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Face of Defense: Marine Serves in Father’s Footsteps

By Marine Corps Sgt. Devin Nichols
24th Marine Expeditionary Unit

USS FORT MCHENRY, March 4, 2015 – Marine Corps Sgt. Cody L. Olson, an M1A1 Abrams main battle tank technician with Combat Logistics Battalion 24, 24th Marine Expeditionary Unit, emulated his father when he joined the Marines.

Click photo for screen-resolution image
Marine Corps Sgt. Cody Olson, a main battle tank repairer/technician with Combat Logistics Battalion 24, 24th Marine Expeditionary Unit, assembles an M2 .50-caliber heavy machine gun on an M88A2 Hercules Armored Recovery Vehicle during an exercise Feb. 8, 2015. U.S. Marine Corps photo by Sgt. Devin Nichols

(Click photo for screen-resolution image);high-resolution image available.

Olson, 26, followed in the footsteps of his father, Richard, who was also a Marine sergeant, and also has history with large Marine Corps vehicles.

Richard Olson was a logistics vehicle systems operator in the late 1980s and early 1990s. In 1990, when Cody was two years old, the elder Olson deployed in support of Operation Desert Storm, providing logistics support for the accumulation of troops in Saudi Arabia before the Marines pushed into Kuwait.

When Richard’s enlistment came to an end, he started working for the Marine Corps as a civil service employee at the Marine Corps Logistics Base in Albany, Georgia. That’s where Cody grew up.

Interest in Marine Corps’ Lore

“He took an interest at a very young age and was interested in all aspects of the Marine Corps,” Richard said. “He wanted to know all about the history, customs and courtesies, weapons and field ops.”

To the delight of young Cody, the Olson house was often full of gear, uniforms and books. Instead of playing video games and watching television all day, Sergeant Olson said he would take items like his dad’s entrenchment tool and practice digging fighting holes in the back yard.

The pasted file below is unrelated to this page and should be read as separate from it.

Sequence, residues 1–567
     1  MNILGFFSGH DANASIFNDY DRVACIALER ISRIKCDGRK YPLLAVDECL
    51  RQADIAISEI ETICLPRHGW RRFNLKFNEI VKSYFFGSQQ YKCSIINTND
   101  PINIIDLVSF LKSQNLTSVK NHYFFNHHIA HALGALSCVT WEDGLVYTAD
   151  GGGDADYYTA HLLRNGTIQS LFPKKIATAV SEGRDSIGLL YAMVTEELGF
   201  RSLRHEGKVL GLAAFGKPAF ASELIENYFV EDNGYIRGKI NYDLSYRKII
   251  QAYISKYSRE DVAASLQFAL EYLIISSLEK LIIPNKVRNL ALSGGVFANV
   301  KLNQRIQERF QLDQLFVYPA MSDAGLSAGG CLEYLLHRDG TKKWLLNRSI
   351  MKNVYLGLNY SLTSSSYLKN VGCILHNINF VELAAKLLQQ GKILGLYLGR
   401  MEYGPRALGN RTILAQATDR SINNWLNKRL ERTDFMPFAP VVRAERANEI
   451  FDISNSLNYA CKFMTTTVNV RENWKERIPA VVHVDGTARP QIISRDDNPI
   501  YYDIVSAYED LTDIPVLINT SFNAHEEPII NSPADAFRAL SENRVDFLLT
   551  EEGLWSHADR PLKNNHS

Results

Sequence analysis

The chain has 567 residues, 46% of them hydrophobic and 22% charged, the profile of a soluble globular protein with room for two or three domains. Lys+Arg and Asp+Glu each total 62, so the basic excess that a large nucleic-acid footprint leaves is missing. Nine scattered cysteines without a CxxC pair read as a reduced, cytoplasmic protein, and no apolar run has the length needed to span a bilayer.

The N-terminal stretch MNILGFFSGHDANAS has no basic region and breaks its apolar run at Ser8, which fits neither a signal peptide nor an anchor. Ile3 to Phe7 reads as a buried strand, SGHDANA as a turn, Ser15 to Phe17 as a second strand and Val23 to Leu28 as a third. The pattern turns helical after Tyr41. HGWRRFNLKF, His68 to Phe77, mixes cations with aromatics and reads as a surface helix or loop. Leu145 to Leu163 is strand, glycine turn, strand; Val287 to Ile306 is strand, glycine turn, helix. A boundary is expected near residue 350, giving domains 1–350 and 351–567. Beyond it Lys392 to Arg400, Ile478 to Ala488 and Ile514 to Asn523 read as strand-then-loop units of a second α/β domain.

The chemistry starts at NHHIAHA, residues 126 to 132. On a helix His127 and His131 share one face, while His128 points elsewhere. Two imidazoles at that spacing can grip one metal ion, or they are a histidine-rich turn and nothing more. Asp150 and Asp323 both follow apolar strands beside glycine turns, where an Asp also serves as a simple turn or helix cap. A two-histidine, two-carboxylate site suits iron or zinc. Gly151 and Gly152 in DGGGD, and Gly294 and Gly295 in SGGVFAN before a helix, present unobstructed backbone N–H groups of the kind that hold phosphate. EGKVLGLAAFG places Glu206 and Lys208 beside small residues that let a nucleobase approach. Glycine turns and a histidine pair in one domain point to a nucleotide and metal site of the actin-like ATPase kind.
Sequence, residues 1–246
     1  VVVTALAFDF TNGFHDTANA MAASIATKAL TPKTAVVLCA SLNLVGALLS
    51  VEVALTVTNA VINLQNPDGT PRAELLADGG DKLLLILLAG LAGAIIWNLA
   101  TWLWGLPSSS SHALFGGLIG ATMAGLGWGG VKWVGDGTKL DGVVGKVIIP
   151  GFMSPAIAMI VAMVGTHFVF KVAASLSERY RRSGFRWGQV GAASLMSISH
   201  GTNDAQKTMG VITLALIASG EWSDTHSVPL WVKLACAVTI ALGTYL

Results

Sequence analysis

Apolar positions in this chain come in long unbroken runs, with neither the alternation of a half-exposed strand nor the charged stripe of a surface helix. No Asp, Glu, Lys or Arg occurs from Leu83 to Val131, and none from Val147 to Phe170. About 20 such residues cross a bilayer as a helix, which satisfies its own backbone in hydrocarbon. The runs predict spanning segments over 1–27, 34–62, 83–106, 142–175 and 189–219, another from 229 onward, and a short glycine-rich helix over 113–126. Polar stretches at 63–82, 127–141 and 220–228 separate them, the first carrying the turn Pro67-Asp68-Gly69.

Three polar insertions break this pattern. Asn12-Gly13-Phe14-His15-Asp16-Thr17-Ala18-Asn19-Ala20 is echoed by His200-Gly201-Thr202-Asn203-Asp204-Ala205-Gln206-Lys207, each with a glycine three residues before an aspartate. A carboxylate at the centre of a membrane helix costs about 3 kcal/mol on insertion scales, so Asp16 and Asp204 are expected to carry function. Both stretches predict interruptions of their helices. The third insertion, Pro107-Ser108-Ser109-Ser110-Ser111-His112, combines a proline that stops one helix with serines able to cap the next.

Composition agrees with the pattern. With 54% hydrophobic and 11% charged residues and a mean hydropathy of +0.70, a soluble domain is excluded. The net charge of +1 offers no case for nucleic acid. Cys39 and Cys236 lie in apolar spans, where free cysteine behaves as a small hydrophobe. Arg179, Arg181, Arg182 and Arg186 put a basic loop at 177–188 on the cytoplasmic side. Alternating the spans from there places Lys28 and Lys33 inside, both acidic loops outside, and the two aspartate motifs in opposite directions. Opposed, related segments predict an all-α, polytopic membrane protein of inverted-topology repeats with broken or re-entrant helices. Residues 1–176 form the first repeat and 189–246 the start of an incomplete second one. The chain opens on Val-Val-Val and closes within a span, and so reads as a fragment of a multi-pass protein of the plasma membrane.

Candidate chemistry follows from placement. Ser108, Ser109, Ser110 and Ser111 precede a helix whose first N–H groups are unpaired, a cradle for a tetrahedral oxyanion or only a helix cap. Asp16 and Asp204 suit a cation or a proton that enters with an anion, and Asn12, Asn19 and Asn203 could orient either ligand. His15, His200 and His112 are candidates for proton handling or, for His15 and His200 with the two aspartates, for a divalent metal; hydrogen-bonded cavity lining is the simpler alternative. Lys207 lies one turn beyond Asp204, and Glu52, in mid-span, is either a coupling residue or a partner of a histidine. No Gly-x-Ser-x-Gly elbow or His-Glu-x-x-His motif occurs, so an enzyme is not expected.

“I used to wear my dad’s utility uniforms and pretend I was him when I would paintball in the woods around the house,” Cody said. “Growing up in our house, I would find myself interested in Marine Corps gear and I would just research it in my dad’s ‘green monster’ [guidebook], so I understood what purpose it had.”

Olson remembers his dad leaving for training operations and deployments and said he understood that his dad was protecting his family.

Joins the Marine Corps

After high school, Cody decided to enlist in the Marine Corps. He said he remembered his dad sharing stories about the Marine Corps Recruit Depot in Parris Island, South Carolina, with its sand fleas and screaming drill instructors. Soon after, he found himself in the same place, standing on the same yellow footprints that his father had.

Richard Olson said he’s not an emotional person, but he admitted he was almost “choked up” with extreme pride when his son graduated recruit training.

Now that Cody has deployed, he and his father understand each other that much more.

“We've always had a pretty close relationship,” Richard said. “Now we can have ‘Marine Corps’ talk, which is pretty cool.”


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